What is the key to profit for the next generation of consumers? Bain Capital is betting its purpose.
About a week and a half ago, Bain Capital acquired 50% of Tom’s Shoes. Reuters reported that the transaction valued the company at $625 million, and that founder Blake Mycoskie will retained 50% ownership of Toms, as well as his role as Chief Shoe Giver. Mycoskie will use half of the proceeds from the sale to start a new fund to support socially minded entrepreneurship, and Bain will match his investment and continue the company’s one-for-one shoe give away policy.
For those of us with social missions, this development is a good step forward to show that social entrepreneurship can do good and do well simultaneously. Thank you Bain for showing some faith in socially-minded business.
Historically, traditional business thinking has dictated that profit and purpose are at odds with each other, and that doing good will cost the company money. Toms stands as a counter-intuitive example of purpose actually driving profit. The company has sold and given away 20 million shoes. With its least expensive shoe selling for $54, the company has generated over a billion dollars of sales.
Increasingly, consumers would rather do good with their purchases than give to a charity. A recent survey from marketing company Good Must Grow indicates that for the second year in a row, 30% of US consumers plan to increase their purchases towards socially responsible companies in the coming year. Meanwhile, only 18% plan to increase charitable giving in 2014, a decline from 21% in 2013. A recent Nielson study also shows that consumers place a premium value on these products; 55% of global consumers are willing to pay more for products from companies that are committed to positive social and/or environmental impact.
Toms’ business model has been referred to as the “one for one concept” business model, because of Tom’s promise to deliver a pair of free, new shoes to a child in need for every sale of their retail product. The countries to which the free products are sent have included Argentina, Ethiopia, Guatemala, Haiti, Rwanda, South Africa, and the United States.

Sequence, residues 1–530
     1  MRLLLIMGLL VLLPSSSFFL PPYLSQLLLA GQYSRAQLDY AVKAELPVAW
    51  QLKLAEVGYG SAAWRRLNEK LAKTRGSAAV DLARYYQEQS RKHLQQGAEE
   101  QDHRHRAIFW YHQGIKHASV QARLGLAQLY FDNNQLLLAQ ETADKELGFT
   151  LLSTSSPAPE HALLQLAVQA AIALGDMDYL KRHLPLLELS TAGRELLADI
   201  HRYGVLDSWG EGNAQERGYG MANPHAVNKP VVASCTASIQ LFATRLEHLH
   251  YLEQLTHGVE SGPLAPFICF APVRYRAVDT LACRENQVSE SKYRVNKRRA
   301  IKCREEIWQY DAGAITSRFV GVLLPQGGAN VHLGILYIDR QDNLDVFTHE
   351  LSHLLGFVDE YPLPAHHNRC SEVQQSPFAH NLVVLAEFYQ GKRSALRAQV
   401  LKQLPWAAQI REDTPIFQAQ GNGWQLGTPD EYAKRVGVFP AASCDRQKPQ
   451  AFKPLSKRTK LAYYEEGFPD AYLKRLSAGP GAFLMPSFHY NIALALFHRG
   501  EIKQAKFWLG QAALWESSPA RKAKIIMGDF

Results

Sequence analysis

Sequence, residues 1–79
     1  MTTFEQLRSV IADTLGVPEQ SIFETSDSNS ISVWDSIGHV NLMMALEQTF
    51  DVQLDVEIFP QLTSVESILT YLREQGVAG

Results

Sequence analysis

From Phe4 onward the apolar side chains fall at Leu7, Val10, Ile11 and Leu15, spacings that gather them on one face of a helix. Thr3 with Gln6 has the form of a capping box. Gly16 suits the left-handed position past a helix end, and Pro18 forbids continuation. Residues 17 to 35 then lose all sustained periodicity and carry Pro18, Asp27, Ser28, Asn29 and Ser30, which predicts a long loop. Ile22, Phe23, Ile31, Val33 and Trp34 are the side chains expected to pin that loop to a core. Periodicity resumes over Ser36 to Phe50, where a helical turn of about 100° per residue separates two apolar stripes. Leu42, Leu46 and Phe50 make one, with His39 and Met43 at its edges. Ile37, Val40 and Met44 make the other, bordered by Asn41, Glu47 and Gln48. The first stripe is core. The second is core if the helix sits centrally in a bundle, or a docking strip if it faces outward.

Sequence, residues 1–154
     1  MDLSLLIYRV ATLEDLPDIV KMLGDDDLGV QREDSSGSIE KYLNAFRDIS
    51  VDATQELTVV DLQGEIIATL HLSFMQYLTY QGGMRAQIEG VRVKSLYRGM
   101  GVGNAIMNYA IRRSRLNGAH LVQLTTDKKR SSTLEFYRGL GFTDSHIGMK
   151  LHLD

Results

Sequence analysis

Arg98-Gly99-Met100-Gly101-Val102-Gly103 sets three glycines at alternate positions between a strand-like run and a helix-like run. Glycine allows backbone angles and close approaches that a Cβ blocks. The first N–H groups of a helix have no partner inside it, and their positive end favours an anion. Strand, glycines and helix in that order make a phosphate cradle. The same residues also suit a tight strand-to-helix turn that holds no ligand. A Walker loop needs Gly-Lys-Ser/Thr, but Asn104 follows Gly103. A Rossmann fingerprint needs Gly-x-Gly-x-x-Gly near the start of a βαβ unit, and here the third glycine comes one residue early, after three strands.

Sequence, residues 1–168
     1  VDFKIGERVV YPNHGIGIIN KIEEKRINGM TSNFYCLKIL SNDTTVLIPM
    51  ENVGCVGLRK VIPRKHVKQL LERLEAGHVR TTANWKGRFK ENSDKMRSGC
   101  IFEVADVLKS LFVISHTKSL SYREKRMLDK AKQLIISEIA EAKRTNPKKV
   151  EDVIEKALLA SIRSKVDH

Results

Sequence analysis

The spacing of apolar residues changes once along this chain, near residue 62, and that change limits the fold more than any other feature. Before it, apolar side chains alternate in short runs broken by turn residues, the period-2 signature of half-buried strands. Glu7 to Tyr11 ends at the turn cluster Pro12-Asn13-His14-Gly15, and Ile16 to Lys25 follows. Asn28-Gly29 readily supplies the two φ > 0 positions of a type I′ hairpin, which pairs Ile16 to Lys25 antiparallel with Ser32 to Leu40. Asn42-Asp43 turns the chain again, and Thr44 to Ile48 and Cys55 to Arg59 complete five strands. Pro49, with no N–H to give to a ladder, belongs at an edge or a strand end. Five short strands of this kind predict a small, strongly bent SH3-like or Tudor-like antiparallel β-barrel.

Recently the business has grown beyond producing shoes and has included eyewear and coffee in Toms product lines- all with the same one for one theme. For every pair of eyeglasses purchased, Toms will help give sight to a person in need. For each bag of coffee beans sold a person will get clean water for a week. Tom’s model is perfectly crafted for millennial consumers who wants to feel good about their purchases but needs a clear, simple and tangible means of understanding the social purpose of the company through point-of-purchase marketing. Millennial are Toms’ target demographic. According to the 2013 Cone Communications CSR Study, 72% of millennials believe that they can make a positive social and environmental impact through their purchases and 51% check the packaging to ensure social and environmental impact.
And millennials are becoming social entrepreneurs in a big way too to make their own impact. Check out Forbes 3rd 30 under 30 list of the brightest stars in 15 different fields, focused on social entrepreneurship. Onward and upward for those of us with social missions. May we all find the resources we need to do good and do well simultaneously and restore some faith in investing through purpose.
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